"Justin Lin's Better Luck Tomorrow is a story about testing boundaries. Better Luck Tomorrow reminds me more of Dostoyevsky's Crime and Punishment than anything else. The narrative of the story centers on a core group of four teens that, seeking to make money, find some rather creative techniques to this effect. The eventual rise in prominence leads them to a lifestyle of partying to have something to do with their time in the center of a tedious, and boring suburban existence. Ben (the overachiever) as well as his cohort aspires to a future in higher education while, conversely, seeking security in a life of crime. Until they meet Steve, this core group's routine was somewhat predictable. Not to give anything away in the story the whole narrative takes a very different turn from there.Juxtaposing this movie alongside the more benign The Debut is a bit ironic, I think. While The Debut is really about Asian-Americans (in this particular case the Filipino-American community) Better Luck Tomorrow is not about a particular community but speaks to a universal theme of growing up in America. To call it an Asian American movie is, I think a bit of a misnomer. It succeeds as a dark, sassy film, but it fails when it tries to be unconventional. That this breakout movie by Justin Lin is Asian American because of its director and its characters I will grant it. The theme though it is not uniquely Asian - taking for granted that such can be describes as a state. Anyway, this does not take away from the sensitivity with which Lin treats the characters and the angst that they experience - for that this movie, I feel, deserves it accolades. The sad truth is that it is not a movie of what can happen but what is happening. In this case I would have to defer to the viewer to make heads or tails of the excess of the movie.Miguel Llora"
Tomorrow Never Comes
Mark Twain | 06/07/2003
(4 out of 5 stars)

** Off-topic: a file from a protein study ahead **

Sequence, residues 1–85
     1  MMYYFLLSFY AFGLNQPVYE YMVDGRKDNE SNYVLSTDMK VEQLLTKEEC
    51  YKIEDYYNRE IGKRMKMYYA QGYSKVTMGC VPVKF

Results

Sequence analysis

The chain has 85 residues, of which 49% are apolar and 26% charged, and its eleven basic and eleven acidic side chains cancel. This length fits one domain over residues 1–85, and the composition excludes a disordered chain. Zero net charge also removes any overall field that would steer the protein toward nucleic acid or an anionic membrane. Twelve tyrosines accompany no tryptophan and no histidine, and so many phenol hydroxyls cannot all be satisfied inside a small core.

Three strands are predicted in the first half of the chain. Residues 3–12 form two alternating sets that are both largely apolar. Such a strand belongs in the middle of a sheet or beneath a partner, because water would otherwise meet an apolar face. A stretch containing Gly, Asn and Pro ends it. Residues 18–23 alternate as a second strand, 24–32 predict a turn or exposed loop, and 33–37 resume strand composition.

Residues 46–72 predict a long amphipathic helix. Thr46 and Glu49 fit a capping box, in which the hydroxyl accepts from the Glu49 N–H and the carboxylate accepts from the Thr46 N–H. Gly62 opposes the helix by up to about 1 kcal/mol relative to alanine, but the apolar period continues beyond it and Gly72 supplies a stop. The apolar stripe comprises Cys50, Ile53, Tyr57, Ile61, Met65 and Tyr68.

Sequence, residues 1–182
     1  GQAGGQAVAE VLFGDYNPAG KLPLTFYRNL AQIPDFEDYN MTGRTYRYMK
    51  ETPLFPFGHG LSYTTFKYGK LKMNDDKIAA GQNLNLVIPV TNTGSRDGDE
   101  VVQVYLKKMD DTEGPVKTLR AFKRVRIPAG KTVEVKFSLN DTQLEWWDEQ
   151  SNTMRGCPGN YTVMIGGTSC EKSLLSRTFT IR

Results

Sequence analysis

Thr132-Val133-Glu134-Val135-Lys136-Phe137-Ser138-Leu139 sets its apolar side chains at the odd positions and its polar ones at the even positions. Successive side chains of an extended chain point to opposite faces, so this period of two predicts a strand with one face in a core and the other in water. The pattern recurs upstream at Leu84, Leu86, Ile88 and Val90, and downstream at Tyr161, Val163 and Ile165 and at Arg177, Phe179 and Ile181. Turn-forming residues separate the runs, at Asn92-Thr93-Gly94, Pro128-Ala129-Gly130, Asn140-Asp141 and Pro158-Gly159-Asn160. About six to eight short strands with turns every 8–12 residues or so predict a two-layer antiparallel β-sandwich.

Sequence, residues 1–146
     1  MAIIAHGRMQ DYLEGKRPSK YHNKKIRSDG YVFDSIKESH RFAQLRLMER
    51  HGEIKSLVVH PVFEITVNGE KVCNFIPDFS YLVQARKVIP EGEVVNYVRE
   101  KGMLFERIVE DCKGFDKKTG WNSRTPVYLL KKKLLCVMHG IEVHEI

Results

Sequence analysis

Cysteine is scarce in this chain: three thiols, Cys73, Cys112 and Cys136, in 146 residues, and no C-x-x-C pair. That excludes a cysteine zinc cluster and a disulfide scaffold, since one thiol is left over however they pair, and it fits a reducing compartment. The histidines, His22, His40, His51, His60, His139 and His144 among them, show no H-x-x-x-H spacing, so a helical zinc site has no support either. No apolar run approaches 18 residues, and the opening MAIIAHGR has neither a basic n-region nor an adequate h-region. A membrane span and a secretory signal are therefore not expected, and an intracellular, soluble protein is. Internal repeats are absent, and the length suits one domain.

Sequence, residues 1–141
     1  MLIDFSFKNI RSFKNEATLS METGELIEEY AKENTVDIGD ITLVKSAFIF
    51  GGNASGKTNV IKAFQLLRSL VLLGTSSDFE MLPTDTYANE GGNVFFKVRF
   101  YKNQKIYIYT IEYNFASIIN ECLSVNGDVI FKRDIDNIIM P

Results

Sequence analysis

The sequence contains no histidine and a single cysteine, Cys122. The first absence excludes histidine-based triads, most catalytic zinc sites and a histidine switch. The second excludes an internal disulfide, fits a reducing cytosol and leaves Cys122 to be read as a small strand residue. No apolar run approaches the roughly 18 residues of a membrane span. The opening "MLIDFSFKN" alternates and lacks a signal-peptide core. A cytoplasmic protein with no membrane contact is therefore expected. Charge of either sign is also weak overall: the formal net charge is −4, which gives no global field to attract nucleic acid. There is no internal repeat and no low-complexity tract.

"Better Luck Tomorrow may be overrated, but it is definitely a fascinating character study, a lot more emotionally satisfying than most recent teen flicks. It has stirred up a flurry of criticism by portraying Asian-American teens who cheat, steal, drink, fight and otherwise behave as badly as all the other disaffected kids in movieland. Of course, critics who suggest that movies must only portray minorities in angelic form are altogether misguided. Films are about life, and life in this country is just as likely to alienate and confuse Asian-American teens as anyone else. Director (and co-writer) Justin Lin understands that; ultimately, ethnicity is beside the point in his story. His affecting portrait of mixed-up teens headed down a dangerous road indulges in some excessive dramatics, but still rings true to the experience of youngsters growing up without moral anchors. His key character is Ben (Parry Shen), a high school senior with all the right tools for success - brains, affluence, Ivy League ambition and killer study skills. He also has a malleable conscience that allows him to sell cheat sheets to fellow students, and to help his buddies Virgil (Jason J. Tobin) and Han (Sung Kang) run credit card scams. None of the characters' parents ever appear; they trust their hyper-achieving kids based on their academic records. So does everyone else, a fact that leads the youngsters to believe their grades free them from the normal rules of behavior. Lin does not ignore the fact that his characters are regarded differently from their Caucasian peers; when Ben joins the basketball team after compulsively practicing free throws, he is disgusted when a fellow student writes an article casting him as the team's token Asian. The author of that article, Daric (Roger Fan), is another straight-A student who becomes a friend to Ben and leader of the new pack that makes its name by beating up a thick-headed jock who taunts them with racial insults. From that point on, they are on a downward spiral into drug dealing and dangerous behavior, stoked by money and youthful hormones. Ben's growing obsession with pretty cheerleader named Stephanie (Karin Anna Cheung) - and the illusion of power that criminal enterprise gives him - puts him on a collision course with Stephanie's boyfriend, the richer and more sophisticated Steve (John Cho). Things turn out badly, of course. The teenagers in his tale have known tragedy and guilt beyond their years, with effects that will not be easily erased. Better Luck Tomorrow uses Asian-American characters, but at heart it is a story about all the lost children drifting into emptiness on a tide of material wealth and moral bankruptcy. An intense, frustrating, and worthwhile journey."